sea change radio

Peter Byck Discusses His Film “Carbon Nation”

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Filmmaker Peter Byck believes that the issue of preserving the environment is truly non-partisan, that when you strip away all the political rhetoric and carefully-crafted media narratives, we all really want the same thing: clean air, clean water and cheap energy.

Rhett Butler on the Palm Oil Industry

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The global expansion of the palm oil industry is one of the largest upheavals in modern agricultural history – and one that many Americans know nothing about. And yet palm oil is now everywhere in this country – in our food, our cosmetics and someday soon maybe even in our gas tanks.

Alisa Gravitz of Green America

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Green America is one of the country’s longest standing environmental advocacy and action organizations. For the past 30 years Alisa Gravitz has been at its helm, leading campaigns for green investment, corporate accountability, and fair trade. This week on Sea Change Radio, host Alex Wise chats with Alisa Gravitz about a number of Green America’s current initiatives.

George Lakoff Part II: Framing the Debate

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Last week on Sea Change Radio, influential progressive and cognitive linguist George Lakoff laid out the principles of linguistic framing as they relate to environmentalism. This week, part two of hostAlex Wise‘s discussion with Prof.

George Lakoff Part I: The Message

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They say actions speak louder than words, but words are pretty important, too. This week and next on Sea Change Radio, we welcome George Lakoff, the prolific author and longtime professor of cognitive linguistics from UC Berkeley. He discusses the significant concept of linguistic framing and how it relates to both progressives and conservatives.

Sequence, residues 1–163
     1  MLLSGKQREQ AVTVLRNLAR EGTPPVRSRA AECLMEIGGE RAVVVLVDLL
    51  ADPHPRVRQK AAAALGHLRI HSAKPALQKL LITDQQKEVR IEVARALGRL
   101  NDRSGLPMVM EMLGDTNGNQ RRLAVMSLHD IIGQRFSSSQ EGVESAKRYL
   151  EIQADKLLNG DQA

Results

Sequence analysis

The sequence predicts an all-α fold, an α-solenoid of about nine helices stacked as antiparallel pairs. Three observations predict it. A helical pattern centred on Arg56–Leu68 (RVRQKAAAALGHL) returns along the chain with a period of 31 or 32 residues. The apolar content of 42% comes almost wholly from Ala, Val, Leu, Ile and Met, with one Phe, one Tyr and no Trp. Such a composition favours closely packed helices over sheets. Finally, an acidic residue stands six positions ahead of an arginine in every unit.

Just Say No: Livestock, Drugs and Groundwater

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Factory farms produce a majority of our nation’s meat. Over two-thirds of the beef consumed in this country comes from farms with at least 5,000 head of cattle; more than 90 percent of the chicken we eat comes from only ten companies; and over the last 30 years the number of hog farms has dropped to a tenth of what it was, while pork sales have remained steady.

Rating Sustainably: Allen White & Mark Tulay

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Consumers are becoming more eco-conscious and little by little, investors are too. A company that shows regular profits might look like a sound investment, but if that company engages in irresponsible practices that are likely to create an environmental catastrophe, investors should know about it. Not only would investing in that company promote irresponsible behavior, it might well yield poor returns when the company finds itself facing multiparty lawsuits.

Amanda Eaken on the Rise of Collaborative Consumption

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With the climate crisis staring us right in the face, the need to transform our daily routines has become increasingly apparent. A part of the solution may be a new twist on the very old concept of sharing things, it’s called collaborative consumption. We’ve seen how peer-to-peer networks allow us to share and buy goods and services from each other, and now that same concept is being applied by communities all over the world as a more efficient way to get around.

David MacKay & Michael Kyes: Sustainable Policy Great and Small

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Is living sustainably a plausible proposition? That's the crucial question today's first guest on Sea Change Radio, David MacKay, is trying to answer.

Fighting Power Gridlock: PG&E’s Ezra Garrett

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How do we advance sustainable practices in a world driven by the profit motive? Public policy that mandates the use of renewables by private companies is one way. Not surprisingly, though, this sort of approach is often blockaded by those private interests.

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